And I think console-makers need more to get us to buy stuff than just hype about games that will come out someday.  Perhaps they should already have awesome games to play when the console comes out, hmm?  I think they just release consoles early to try to get a head start in sales, but that’s not really the most important thing in the long-run.  Like Cary said earlier, it’s also important to consider the sales in the months to come.  A console needs to have good features and good games in order to get as many people to buy it in its lifetime as possible.  It needs, well, staying power.  The hype isn’t enough to make me buy a console, but I often buy a console years later once enough games have been released, so they still get my money in the end.  If the hype is the only thing the console has going for it, what late-adopters want to buy it years later once this hype has worn off?  The people that buy a console early are certainly important to get the console going, but they shouldn’t forget the late-comers, either.

Hatm0nster: In reference to the Duck’s point, in most cases I don’t think they forget about the latecomers, but rather they sort of take them for granted as the main audience. If the console gets proper support, there will always be a steady stream of games coming out to entice people to pick up the console. There are exceptions of course, just look at the PS Vita.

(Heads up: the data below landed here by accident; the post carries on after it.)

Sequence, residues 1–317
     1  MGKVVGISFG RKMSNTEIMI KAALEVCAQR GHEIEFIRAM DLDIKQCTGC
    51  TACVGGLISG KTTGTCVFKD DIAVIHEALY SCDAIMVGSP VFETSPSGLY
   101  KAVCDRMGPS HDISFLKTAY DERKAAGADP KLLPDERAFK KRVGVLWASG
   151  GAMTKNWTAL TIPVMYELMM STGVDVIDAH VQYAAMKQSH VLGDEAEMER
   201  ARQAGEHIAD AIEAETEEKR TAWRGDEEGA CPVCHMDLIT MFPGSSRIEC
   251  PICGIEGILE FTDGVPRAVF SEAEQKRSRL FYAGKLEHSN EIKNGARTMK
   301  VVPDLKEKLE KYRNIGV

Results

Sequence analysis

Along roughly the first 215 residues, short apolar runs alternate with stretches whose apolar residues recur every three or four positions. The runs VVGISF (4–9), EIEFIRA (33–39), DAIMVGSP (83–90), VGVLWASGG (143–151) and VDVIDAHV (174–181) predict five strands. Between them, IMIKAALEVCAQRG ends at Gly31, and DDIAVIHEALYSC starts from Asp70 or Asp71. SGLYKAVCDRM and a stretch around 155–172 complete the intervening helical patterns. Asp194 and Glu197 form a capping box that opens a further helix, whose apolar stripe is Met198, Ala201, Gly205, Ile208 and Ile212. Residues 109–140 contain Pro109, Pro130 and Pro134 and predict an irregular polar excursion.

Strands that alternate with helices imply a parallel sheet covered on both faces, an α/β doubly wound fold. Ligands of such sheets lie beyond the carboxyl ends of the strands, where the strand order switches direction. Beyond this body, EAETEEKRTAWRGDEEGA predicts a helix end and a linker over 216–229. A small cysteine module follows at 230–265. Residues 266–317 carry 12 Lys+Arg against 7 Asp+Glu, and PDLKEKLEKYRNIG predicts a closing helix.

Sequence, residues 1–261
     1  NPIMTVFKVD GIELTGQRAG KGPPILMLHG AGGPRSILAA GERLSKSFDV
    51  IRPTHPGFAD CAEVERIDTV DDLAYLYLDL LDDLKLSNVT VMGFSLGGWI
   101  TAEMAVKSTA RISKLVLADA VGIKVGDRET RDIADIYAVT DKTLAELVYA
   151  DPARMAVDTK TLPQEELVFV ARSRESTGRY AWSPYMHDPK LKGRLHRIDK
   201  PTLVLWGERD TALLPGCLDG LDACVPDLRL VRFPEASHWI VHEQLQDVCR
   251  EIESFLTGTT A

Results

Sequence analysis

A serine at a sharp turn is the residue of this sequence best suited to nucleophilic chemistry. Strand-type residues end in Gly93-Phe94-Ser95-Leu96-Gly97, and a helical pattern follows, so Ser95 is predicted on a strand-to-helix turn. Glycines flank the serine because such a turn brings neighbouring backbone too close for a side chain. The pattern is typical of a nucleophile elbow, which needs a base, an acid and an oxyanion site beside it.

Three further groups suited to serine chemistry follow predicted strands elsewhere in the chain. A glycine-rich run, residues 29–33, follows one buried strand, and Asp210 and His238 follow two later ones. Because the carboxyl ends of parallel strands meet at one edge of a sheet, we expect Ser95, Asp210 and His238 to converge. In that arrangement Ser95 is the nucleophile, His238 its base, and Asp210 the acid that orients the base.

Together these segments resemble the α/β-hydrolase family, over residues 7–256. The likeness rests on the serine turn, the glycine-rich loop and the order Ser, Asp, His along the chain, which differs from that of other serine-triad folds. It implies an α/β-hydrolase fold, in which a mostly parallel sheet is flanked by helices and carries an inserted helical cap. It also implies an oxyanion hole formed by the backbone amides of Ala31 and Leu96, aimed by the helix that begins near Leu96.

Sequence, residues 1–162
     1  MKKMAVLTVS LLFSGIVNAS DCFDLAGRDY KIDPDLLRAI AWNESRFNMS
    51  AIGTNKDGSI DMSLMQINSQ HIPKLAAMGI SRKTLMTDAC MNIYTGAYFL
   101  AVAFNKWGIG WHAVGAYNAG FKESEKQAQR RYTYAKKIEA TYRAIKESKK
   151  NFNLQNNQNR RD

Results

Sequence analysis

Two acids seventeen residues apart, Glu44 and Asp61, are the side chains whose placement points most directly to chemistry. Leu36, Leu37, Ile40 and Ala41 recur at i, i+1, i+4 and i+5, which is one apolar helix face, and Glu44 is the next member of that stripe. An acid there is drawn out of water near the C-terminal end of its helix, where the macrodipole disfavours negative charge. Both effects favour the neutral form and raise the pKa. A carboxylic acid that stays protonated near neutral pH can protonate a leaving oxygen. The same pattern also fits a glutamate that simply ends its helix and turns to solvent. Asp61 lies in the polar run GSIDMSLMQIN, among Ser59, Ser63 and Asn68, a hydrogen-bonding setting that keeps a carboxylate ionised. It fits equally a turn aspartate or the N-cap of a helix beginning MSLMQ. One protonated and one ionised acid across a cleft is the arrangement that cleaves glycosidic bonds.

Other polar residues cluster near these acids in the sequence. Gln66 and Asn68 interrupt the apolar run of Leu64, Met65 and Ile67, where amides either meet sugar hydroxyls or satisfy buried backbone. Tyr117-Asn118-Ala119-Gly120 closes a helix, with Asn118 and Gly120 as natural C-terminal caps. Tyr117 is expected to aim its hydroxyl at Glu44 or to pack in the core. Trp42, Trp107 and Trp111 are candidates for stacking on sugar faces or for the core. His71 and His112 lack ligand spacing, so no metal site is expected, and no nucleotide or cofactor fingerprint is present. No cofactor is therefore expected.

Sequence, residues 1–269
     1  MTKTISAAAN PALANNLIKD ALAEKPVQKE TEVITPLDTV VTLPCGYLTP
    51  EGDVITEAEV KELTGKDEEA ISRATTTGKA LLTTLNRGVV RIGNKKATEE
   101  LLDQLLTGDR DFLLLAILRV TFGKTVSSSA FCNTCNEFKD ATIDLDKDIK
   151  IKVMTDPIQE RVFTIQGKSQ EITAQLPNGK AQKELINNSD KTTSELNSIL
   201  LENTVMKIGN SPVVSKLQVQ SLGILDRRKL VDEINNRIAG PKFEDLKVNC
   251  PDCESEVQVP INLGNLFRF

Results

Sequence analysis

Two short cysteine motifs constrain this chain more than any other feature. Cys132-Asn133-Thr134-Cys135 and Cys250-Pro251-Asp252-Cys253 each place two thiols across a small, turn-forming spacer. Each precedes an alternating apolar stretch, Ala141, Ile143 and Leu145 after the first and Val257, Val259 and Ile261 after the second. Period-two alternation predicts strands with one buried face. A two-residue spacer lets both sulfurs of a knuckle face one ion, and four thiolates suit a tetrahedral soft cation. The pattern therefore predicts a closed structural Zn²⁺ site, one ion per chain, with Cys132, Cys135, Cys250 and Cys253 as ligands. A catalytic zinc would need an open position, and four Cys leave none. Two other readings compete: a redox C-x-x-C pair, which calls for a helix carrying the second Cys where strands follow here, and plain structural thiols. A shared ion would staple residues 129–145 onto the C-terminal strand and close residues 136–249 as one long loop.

Ben is right though, there really should be more to entice people other than the hype. If you look at the release list for this year, many of the “important” games used to advertise the consoles aren’t out for a long time. Watch Dogs isn’t out until June, and Destiny isn’t out until September! Is there a tangible reason to own one of these consoles right now?

Cary: Hatm0nster, good point about Watch Dogs and Destiny — this is exactly why we’re waiting at least until Titanfall‘s release to get a new system! Otherwise, why spend the money on a next-gen console when the games aren’t really there yet? If any of those games had been released at launch, as Ben alluded to, that would have been a whole different story; and I bet we’d be seeing even higher launch sales figures than we’re already seeing. (Also very much hoping that a Titanfall bundle will be released — how cool would that be?!)